Setting a specific target lets event participants and staff know exactly what you need to raise and will inspire them to reach goals.
Advertise Your Fundraiser
No matter what type of fundraiser you throw, whether you are hosting it online or locally, no one will come if they don’t know it exists.
Use every resource available to advertise and promote your fundraiser, from flyers to internet ads, emails, posters in store windows, bulletin boards, newspapers, and so forth. You can also contact your local television and radio stations. In many communities, they will publicize your campaign in the community event portion of their broadcast.
If your event requires participants to purchase tickets ahead of time, you will want to start advertising at least a month in advance and make sure people know where they need to go to purchase their tickets.
Successfully marketing your campaign is essential to your success!
This step should be given special attention and may be the most critical consideration in your nonprofit fundraising campaign.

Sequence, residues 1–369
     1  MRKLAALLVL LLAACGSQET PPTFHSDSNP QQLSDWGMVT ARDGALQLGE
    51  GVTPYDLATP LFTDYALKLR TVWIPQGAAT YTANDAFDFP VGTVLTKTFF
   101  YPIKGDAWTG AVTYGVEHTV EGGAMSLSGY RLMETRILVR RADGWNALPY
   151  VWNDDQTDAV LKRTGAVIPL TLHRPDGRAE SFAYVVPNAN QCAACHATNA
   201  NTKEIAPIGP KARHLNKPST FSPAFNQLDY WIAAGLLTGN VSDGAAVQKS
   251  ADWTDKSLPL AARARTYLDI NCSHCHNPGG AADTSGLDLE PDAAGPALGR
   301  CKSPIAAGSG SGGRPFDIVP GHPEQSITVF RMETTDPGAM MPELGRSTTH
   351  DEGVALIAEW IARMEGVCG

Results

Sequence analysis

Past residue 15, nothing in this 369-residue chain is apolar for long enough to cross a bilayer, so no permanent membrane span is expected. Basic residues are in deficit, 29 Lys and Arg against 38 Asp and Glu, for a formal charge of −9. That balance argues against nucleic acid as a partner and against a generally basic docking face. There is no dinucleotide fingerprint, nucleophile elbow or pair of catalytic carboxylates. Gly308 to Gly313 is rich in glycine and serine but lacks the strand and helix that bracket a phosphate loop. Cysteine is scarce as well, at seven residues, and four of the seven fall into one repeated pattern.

You can get your group even more motivated by setting up incentives, such as prizes or enjoyable activities for their hard work.
You can also create a competition between staff members, offering rewards to those who bring in the most donations, and so forth. The more excited they are, the more willing they’ll be to put forth their best efforts.
Always make sure you show appreciation for your donors and their contributions.
No matter how large or small their donation, every dollar or item they donate to your cause counts.
Let your supporters know how important they are to your cause and keep them updated on future campaigns. A simple thank you can go a long way to ensuring their continued loyalty.
Understanding Your Supporters
Fundraising is an essential practice for any foundation, hoping to promote their cause.
It not only allows the public to become aware of your goals, but it also aids in building a base of potential donors who share your attitudes and concerns and wish to support your organization and its efforts.
It is important, though, to be realistic.
Many people out there will willingly donate to your cause, especially if you make the task easy by using a simple charity auction software or donation page. However, some won’t donate regardless of what you do. Don’t take it personally. Every organization encounters these types of issues.
This is why understanding why people do or don’t donate and developing engaging, exciting campaigns is so crucial to your success.
Why People Don’t Donate
Why aren’t people showing as much interest in your organization and its cause as you had hoped?
Knowing those reasons can give you a better understanding of what factors you need to examine to draw more people to your cause and inspire them to donate.